I am just wondering why most standard web 2.0 websites have the main call to action button on the homepage send the visitor to the pricing page? This is assuming a pretty typical navigation structure for the site that includes a tour page. Even though ultimately you want the visitor to hit the pricing page and sign up, I would have thought the conversion rate would be higher if they went via the tour page first.
Why do people not have the tour page as the main call to action, with the tour page then trying to funnel them to the pricing page?
A good example is 37signals and http://www.basecamphq.com Is this just a case of everyone following without questioning, or is there some solid logic/evidence behind it?
I realise that A/B testing will ultimately be the best way to know what works for your own site, but this is such a prolific trend that I am curious if it is evidence based.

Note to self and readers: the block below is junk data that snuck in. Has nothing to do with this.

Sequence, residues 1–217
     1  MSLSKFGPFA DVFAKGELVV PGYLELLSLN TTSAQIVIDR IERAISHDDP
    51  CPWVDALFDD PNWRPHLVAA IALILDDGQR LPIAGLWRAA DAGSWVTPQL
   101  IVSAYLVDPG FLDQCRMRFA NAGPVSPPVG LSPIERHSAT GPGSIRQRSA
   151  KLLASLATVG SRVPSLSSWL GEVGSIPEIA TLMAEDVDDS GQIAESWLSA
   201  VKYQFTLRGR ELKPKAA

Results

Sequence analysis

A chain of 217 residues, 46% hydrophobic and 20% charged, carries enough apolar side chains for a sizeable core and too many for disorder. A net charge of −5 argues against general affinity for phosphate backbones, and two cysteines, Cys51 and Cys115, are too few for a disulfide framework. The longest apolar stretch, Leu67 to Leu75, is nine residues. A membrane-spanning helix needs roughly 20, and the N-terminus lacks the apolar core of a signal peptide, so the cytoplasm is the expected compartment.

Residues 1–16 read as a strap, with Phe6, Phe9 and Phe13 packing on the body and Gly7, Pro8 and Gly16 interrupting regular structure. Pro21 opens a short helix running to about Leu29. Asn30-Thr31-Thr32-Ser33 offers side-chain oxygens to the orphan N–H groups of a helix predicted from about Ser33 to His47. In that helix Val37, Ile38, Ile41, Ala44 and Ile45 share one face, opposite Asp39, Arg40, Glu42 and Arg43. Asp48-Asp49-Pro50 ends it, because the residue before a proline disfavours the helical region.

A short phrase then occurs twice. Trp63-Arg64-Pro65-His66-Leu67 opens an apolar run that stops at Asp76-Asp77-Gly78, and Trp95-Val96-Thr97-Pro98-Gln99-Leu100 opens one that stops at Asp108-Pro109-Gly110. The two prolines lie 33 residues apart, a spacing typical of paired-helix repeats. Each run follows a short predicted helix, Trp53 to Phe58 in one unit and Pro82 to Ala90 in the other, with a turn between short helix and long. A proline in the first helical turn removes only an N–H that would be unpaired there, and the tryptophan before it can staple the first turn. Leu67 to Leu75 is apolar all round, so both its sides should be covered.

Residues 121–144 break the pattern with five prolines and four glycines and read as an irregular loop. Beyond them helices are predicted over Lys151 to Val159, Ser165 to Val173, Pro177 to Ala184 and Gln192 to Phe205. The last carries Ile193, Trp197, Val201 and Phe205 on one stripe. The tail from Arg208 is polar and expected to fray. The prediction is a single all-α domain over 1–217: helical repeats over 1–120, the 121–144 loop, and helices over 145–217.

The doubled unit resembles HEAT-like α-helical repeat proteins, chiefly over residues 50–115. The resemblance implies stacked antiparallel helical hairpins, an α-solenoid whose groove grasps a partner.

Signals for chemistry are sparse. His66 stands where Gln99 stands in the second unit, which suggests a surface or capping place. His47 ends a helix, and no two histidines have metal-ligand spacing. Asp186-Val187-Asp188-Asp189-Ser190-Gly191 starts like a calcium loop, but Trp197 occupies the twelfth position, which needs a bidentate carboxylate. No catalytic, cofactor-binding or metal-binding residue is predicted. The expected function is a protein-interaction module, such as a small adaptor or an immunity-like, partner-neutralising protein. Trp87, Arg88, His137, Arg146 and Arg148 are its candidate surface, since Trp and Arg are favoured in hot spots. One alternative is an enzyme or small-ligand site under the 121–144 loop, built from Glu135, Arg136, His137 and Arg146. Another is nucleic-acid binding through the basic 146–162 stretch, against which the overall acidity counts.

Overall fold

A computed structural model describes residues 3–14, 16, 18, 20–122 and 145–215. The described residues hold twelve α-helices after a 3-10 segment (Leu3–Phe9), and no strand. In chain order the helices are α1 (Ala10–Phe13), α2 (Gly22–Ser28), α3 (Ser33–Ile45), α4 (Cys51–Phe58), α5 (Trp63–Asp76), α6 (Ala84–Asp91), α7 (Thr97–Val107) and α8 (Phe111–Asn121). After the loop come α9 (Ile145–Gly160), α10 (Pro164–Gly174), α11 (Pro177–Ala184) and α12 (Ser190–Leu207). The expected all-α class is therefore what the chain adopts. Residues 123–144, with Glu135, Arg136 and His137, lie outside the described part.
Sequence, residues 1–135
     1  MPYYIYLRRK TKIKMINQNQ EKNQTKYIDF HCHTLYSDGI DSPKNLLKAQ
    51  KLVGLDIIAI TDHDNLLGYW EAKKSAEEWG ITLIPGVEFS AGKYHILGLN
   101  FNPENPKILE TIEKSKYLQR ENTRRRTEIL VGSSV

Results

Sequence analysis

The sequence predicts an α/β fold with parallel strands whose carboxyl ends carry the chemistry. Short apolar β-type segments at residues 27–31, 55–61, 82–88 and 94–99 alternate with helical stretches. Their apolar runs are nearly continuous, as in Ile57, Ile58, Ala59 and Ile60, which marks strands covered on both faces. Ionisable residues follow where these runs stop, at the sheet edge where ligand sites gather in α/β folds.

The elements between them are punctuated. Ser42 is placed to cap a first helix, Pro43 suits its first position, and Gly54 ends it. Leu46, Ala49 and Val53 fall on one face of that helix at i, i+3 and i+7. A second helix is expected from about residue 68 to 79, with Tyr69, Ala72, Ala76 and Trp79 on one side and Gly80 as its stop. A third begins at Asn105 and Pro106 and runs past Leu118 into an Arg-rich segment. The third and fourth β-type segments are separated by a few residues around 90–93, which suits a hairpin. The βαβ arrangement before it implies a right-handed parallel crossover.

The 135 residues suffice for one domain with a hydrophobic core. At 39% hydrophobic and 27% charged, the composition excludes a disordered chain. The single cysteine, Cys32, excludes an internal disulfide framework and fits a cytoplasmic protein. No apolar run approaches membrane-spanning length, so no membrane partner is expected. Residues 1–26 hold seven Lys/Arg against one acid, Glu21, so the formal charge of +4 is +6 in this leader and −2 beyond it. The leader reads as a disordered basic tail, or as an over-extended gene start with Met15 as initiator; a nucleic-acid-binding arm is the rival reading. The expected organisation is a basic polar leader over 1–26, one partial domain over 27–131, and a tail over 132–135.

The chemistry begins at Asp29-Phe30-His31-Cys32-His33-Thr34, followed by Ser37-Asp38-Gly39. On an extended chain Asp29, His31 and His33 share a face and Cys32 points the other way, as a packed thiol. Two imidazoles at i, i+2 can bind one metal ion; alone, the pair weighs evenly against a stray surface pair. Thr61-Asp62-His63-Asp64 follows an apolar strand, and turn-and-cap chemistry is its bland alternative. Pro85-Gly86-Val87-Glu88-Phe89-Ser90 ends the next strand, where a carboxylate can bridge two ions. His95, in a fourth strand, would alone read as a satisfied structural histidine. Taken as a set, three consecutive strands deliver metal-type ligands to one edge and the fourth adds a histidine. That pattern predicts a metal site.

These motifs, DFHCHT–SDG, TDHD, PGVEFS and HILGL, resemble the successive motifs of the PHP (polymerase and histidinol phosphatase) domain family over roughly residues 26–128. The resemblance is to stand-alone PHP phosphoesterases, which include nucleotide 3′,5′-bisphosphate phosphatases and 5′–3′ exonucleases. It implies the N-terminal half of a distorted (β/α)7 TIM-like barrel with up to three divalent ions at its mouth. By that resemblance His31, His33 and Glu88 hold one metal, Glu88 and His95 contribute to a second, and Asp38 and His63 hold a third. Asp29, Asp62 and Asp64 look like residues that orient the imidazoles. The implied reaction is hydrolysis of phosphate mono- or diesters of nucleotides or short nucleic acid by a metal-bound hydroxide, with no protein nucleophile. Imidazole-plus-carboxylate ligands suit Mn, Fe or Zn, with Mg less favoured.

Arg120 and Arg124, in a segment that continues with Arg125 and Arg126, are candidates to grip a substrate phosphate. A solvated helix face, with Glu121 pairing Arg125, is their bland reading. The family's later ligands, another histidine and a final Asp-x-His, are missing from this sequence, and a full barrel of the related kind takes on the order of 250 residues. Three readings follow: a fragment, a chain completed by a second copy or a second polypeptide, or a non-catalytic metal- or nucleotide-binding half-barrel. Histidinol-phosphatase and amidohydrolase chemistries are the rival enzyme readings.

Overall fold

When you refer to a "pricing page," what you're really talking about are landing pages. They are designed to convert visitors to customers - the ultimate objective of the site. Sending them to a "tour" page in between places obstacles in your conversion path that lower the chances that someone will convert.
It depends upon the product, of course. In the case of Base Camp, there's no tour because they're offering a free trial where users can get an inside look. And so the landing page concentrates on removing doubt with testimonials and assuring visitors how quick and easy it is. The idea is that the best way to convince folks to become customers is to get them to try it.